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few of the 256 possible elementary rules. But for underlying rules that have more complex behavior—like rules 22, 30, or 110—it turns out that in the end it is always possible to emulate all 256 elementary rules.

The emulation here is, however, only for a single step. So the fact that it is possible does not immediately establish universality in any ordinary sense. But it does once again support the idea that almost any cellular automaton whose behavior seems to us complex can be made to do computations that are in a sense as sophisticated as one wants.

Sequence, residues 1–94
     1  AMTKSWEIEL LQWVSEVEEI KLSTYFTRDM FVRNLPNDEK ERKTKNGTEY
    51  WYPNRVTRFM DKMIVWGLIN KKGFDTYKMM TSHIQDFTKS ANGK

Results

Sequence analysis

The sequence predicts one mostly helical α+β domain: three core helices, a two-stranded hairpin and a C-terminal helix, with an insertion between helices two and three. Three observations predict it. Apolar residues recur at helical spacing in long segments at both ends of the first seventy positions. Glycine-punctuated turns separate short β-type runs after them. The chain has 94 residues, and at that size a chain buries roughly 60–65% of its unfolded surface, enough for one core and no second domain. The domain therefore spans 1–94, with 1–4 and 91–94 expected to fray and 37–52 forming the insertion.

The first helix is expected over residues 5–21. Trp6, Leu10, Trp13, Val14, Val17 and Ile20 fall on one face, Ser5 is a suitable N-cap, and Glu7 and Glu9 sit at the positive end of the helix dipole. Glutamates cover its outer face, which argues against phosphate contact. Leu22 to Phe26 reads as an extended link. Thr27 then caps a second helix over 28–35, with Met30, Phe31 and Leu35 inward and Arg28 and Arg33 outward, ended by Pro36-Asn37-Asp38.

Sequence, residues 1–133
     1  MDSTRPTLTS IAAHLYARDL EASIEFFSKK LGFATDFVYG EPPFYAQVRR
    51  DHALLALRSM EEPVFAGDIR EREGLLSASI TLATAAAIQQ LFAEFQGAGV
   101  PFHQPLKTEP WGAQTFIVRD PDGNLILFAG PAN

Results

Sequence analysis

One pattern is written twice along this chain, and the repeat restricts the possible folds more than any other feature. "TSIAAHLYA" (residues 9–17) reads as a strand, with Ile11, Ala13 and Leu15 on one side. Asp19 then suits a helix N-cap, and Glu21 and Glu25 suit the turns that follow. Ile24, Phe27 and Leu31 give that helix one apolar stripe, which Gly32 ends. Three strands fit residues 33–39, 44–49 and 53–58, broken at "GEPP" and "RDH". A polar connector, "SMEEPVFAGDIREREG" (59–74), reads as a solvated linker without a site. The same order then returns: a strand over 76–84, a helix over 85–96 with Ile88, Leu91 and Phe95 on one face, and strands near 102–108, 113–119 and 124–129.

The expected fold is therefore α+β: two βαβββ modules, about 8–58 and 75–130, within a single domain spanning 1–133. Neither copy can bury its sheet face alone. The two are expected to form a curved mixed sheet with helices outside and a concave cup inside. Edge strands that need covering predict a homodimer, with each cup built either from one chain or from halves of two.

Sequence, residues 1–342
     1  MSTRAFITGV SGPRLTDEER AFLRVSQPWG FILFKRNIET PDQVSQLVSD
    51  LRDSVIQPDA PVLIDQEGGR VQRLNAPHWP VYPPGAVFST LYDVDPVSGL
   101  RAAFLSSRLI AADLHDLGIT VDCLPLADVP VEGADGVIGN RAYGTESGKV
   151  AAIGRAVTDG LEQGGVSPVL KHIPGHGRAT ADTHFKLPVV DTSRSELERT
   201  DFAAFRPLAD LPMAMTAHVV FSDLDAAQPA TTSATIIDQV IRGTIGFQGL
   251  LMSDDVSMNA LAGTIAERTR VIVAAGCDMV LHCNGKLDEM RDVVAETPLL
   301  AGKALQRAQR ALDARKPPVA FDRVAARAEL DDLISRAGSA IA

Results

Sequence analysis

And this suggests that such cellular automata will in the end turn out to be universal—with the result that out of the 256 elementary rules one expects that perhaps as many as 27 will in fact be universal.

Captions on this page:

Summaries of how various underlying cellular automata do in emulating a single step in the evolution of each of the 256 possible elementary cellular automata using the scheme from the facing page with blocks of successively greater widths.

From Stephen Wolfram: A New Kind of Science [citation]